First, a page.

Iron-ore prices touched record highs this year, but look to suffer their biggest monthly loss ever as China’s curbs on carbon emissions include limits on the output of steel, hurting demand for the raw material used to produce it.
“The market is not short iron ore, but short in terms of consumption as steel mills have their hands tied in a market where global steel demand is healthy and yet mills find themselves unable to produce,” says Rhys Pittam, head of ferrous operations at Marex.
The pessimism in the market is “China-led,” as the nation is the biggest producer of steel products and consumer of iron ore, he says. China announced crude-steel production restrictions this year as it aims to reduce carbon emissions.
“The market is not short iron ore, but short in terms of consumption as steel mills have their hands tied in a market where global steel demand is healthy and yet mills find themselves unable to produce.”
— Rhys Pittam, Marex
At $148.99 per metric ton on Aug. 17, the CME August futures contract
for 62% iron-ore fines delivered to China traded around 30% lower month to date, on track for the largest monthly percentage decline based on data going back to 2010, according to Dow Jones Market Data. Futures prices have dropped 32% from the July 16 record of $219.77 per metric ton.
The price plunge was mainly caused by the stricter Chinese steel production cuts in the second half of the year, and steel demand weakened on the back of hot weather and rainfall in China, as well as the rise in Covid-19 cases, says Niki Wang, managing editor, pricing, iron ore and steel, at S&P Global Platts. At $160.85 per dry metric ton on Aug. 13, the benchmark S&P Global Platts IODEX, the spot price of 62% iron- fines delivered to China, was down 12% this month.
The World Steel Association pegged China’s June steel production at 93.9 metric tons, down 5.6% from May.
China also pledged to cut steel production to cap input costs of raw materials, like iron ore, says Sanjeeban Sarkar, commodities editor at the Economist Intelligence Unit (EIU).
High demand kept iron-ore prices from plummeting, but they may have “passed their peak” and may continue to ease in the second half of this year as Chinese steel production falls compared with 2020, he says.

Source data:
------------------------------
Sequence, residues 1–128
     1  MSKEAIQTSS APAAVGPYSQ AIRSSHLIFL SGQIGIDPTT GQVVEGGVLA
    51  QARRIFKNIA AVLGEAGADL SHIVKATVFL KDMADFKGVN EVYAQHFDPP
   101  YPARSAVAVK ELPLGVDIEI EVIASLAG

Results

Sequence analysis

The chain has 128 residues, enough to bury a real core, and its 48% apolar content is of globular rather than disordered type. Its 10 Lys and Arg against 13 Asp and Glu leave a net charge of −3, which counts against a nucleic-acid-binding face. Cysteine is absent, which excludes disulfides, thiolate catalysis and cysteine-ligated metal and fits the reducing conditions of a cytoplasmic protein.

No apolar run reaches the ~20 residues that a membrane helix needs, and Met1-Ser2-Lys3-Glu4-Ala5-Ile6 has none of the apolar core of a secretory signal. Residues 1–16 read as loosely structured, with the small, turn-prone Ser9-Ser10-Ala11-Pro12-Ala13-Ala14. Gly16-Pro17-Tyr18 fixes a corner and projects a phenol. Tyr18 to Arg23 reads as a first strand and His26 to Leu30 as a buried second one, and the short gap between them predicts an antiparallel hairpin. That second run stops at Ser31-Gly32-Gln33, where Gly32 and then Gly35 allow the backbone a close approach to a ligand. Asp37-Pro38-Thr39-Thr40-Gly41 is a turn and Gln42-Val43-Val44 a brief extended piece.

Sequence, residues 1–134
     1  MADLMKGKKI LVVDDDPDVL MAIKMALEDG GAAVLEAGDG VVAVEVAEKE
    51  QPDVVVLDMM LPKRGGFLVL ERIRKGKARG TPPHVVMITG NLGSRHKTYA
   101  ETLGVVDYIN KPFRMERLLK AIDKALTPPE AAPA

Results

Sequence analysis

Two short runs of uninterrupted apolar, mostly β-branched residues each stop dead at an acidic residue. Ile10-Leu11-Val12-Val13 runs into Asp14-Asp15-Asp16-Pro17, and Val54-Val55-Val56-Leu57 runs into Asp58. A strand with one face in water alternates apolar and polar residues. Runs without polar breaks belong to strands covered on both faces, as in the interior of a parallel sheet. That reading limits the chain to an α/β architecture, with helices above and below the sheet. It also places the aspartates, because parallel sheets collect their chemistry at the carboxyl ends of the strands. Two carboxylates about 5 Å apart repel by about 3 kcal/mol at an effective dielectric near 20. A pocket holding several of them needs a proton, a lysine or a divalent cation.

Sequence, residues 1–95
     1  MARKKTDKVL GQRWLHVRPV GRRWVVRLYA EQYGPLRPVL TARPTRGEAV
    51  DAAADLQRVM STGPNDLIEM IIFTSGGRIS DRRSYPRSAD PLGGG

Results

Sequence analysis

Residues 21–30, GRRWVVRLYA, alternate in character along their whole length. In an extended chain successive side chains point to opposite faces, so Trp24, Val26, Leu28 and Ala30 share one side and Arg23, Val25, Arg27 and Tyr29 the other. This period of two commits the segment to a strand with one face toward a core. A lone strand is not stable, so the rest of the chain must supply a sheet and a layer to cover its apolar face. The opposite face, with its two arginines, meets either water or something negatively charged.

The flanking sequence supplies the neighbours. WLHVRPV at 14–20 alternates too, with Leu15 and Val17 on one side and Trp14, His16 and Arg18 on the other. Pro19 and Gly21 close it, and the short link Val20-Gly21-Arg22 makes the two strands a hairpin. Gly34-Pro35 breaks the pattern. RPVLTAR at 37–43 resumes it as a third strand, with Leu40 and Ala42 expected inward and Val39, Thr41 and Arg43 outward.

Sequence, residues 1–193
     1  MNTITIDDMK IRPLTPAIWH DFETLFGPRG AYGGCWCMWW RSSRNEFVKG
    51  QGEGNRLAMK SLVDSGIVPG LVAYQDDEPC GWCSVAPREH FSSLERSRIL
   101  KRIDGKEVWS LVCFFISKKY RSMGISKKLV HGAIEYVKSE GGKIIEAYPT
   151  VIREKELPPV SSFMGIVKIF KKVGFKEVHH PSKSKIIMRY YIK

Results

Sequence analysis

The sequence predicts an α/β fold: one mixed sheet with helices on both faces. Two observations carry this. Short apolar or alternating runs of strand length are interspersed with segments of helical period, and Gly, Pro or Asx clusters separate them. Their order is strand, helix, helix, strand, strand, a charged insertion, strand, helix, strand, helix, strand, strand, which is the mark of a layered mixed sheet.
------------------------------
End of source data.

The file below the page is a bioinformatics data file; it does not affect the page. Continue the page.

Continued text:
Aside from steel production cuts, China also changed export taxes in May and July, “reducing incentives to produce for international markets,” analysts at BofA Securities wrote in a recent note. China reportedly canceled export tax rebates on some steel products in May and raised export tariffs on a crude form of iron in July.
“Renewed stimulus in China, some restocking ahead of the winter Olympics, which might prompt further mill closures to contain emissions, and the prioritization of value over volume by iron ore miners,” could cause iron-ore prices to turn higher again, the BofA analysts said. There is “scope for prices to stabilize, but volatility may remain high.”
The Covid delta variant’s spread, meanwhile, weighs heavy on the outlook.
The possibility of new lockdowns poses significant threats to industrial activity, the spread of the variant in Latin America could hurt mine production, and China lockdowns could slow steel production and pressure iron-ore prices, says the EIU’s Sarkar.
U.S. and China infrastructure plans could boost iron-ore demand as steel demand climbs, he says.
The EIU expects 2021 hot-rolled coil steel prices, on a free-on-board China basis—which pertains to shipping and liability, which impact costs—to average $793 per metric ton, up nearly 63% from 2020. It also sees iron ore averaging about $185 per metric ton this year and $155 in 2022 to 2023.
Marex is bearish on iron-ore demand for the second half of this year because of China’s steel restrictions and increased supply, says Pittam.
Iron ore faces “strong headwinds given China’s interest to go ‘greener’,” he says, adding that China looks to introduce ferrous scrap futures on the Dalian Commodities Exchange and work with steel mills to encourage more production using scrap.